A reverse mortgage is a type of home loan facility that allows you to borrow funds using the equity in your home as security. The loan can be taken as a lump sum, a regular income stream, a line of credit or a combination of these options.
Interest is charged like any other home loan, except you don’t have to make repayments while you live in your home – the interest compounds onto the home loan balance over time. You remain the owner of your house and can stay in it for as long as you want.
If you want to sell your home or move out, you must repay the loan in full – such in the case if you moved into aged care. It will also be required if the borrower passes away while the loan is active.
While no income is required to qualify, credit providers are required by law to lend you money responsibly, so not everyone will be able to obtain this type of loan.
What are some of the key points about reverse mortgages?
Many seniors will utilise reverse mortgages to supplement their income, combine existing debts, fund purchases such as a vehicle, finance home upgrades, holidays or even help support their aged care.
Many of our senior clients use reverse mortgage to receive additional income, consolidate debt, buy a new car, fund aged care, finance home improvements, pay for holidays and more.
While you can use the loan proceeds on anything you want, you must consider longevity risk and should consult with a finance expert to choose the right decisions for your long-term best interests.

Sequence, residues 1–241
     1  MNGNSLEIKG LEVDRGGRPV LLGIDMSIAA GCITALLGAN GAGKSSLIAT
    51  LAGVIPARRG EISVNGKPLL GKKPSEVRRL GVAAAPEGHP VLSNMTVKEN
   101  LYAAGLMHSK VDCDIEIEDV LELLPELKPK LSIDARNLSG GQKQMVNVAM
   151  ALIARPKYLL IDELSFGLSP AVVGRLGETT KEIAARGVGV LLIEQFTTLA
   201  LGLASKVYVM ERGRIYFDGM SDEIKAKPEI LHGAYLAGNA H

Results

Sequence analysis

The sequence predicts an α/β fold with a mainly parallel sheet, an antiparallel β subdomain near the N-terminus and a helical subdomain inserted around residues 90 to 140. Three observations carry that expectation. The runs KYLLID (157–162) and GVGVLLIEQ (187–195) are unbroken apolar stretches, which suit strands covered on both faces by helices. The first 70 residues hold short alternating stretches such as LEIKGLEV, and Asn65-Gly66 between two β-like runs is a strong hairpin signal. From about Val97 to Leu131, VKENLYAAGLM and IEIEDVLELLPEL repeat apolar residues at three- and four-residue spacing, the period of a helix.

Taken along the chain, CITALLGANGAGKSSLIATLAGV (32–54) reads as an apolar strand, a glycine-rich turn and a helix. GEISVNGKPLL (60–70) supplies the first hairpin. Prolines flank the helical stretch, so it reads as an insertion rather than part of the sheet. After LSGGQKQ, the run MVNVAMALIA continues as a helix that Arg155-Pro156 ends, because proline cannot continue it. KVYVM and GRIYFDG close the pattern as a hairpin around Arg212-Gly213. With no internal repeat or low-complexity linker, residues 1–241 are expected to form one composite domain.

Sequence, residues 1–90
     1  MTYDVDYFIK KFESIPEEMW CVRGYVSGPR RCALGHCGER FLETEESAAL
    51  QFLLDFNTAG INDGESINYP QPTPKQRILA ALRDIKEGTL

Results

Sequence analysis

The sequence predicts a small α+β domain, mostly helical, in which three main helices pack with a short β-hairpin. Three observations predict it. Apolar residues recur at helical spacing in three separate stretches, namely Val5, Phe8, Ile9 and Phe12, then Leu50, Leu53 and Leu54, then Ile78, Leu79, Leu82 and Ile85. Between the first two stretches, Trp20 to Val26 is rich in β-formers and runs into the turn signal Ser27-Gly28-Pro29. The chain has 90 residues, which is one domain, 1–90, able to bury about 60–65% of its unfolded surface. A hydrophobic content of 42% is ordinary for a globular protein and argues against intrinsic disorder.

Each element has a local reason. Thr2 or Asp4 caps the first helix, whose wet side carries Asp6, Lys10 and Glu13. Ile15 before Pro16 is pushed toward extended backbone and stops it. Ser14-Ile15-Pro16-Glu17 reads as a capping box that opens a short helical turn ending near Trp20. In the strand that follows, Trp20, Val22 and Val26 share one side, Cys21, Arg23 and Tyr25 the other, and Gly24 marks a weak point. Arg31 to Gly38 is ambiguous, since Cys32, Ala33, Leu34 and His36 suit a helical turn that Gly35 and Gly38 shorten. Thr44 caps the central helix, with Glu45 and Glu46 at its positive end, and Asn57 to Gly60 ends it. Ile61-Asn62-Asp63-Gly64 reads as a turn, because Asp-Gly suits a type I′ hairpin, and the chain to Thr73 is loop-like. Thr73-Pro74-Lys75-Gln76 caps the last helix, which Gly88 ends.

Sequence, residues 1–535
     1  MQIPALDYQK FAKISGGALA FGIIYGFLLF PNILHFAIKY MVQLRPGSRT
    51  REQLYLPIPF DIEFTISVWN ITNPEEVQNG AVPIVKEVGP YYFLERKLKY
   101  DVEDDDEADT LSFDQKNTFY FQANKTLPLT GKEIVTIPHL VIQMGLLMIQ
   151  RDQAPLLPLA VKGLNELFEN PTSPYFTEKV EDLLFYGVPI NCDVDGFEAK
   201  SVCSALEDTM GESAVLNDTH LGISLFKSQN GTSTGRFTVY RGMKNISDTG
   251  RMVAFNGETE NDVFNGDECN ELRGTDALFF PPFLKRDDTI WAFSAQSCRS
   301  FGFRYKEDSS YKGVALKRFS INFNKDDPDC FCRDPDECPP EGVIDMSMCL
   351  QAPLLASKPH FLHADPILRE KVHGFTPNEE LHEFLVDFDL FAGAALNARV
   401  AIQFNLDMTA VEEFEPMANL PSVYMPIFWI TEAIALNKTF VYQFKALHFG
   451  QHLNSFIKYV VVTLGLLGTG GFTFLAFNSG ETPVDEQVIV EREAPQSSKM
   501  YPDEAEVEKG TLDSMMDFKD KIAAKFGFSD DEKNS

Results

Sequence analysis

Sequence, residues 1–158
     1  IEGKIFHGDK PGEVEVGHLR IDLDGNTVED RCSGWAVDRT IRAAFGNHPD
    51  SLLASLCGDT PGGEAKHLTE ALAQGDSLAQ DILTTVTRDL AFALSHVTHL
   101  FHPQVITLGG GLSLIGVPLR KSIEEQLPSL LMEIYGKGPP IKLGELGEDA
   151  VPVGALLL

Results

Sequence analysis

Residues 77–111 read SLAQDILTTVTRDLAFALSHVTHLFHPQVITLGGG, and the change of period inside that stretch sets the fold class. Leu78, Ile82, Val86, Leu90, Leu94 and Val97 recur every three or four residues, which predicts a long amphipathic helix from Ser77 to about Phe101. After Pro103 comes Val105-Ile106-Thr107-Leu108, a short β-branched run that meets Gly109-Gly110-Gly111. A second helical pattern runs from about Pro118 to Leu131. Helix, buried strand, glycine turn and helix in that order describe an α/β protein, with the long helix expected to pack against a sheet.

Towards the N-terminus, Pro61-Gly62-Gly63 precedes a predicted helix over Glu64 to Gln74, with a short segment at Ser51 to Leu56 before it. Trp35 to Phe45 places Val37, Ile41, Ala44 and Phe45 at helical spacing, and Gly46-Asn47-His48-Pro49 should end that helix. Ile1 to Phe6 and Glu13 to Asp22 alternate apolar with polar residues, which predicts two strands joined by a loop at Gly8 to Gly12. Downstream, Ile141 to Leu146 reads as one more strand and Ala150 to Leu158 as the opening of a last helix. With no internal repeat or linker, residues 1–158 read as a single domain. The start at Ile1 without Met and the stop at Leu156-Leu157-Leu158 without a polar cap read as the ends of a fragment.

Repayment is not required until you sell your home, or all borrowers permanently move out of your home, or all borrowers pass away – this is designed through government regulations to stop retirees from being put at risk of not having a home.
According to regulatory body which monitors reverse mortgages, the average loan size for a reverse mortgage at this time is $85,000.
How much can you borrow with a reverse mortgage?
Each lender who offers reverse mortgages have different policies, but as a general trend the older the age of the applicants, the larger amount of potential borrowings are permitted.
As a general guide, if you are 60, the maximum amount you can borrow is likely to be 15-20% of the value of your property. This will increase each increase in the age of the borrowers. For example if you are 75, the maximum amount you could borrow may increase to 25-30%.
The minimum amount you can borrow is also determined by each lenders unique policies; some can be as low as $10,000. Keep in mind that if you borrow the maximum amount now, you may not have access to any funds later.
Who can help me find out my reverse mortgage options?
Reverse mortgages are a type of specialist finance – with most lenders and financiers unable to provide products or advice to seniors. As a mortgage broker in Perth, I suggest it’s best to use a reverse mortgage lender with experienced staff who can understand your exact borrowing needs. Important questions to ask any broker in this space is their experience, panel of lenders available, what costs they may charge, how much you can borrow and whether there’s any specific criteria that you need to meet to achieve your goals.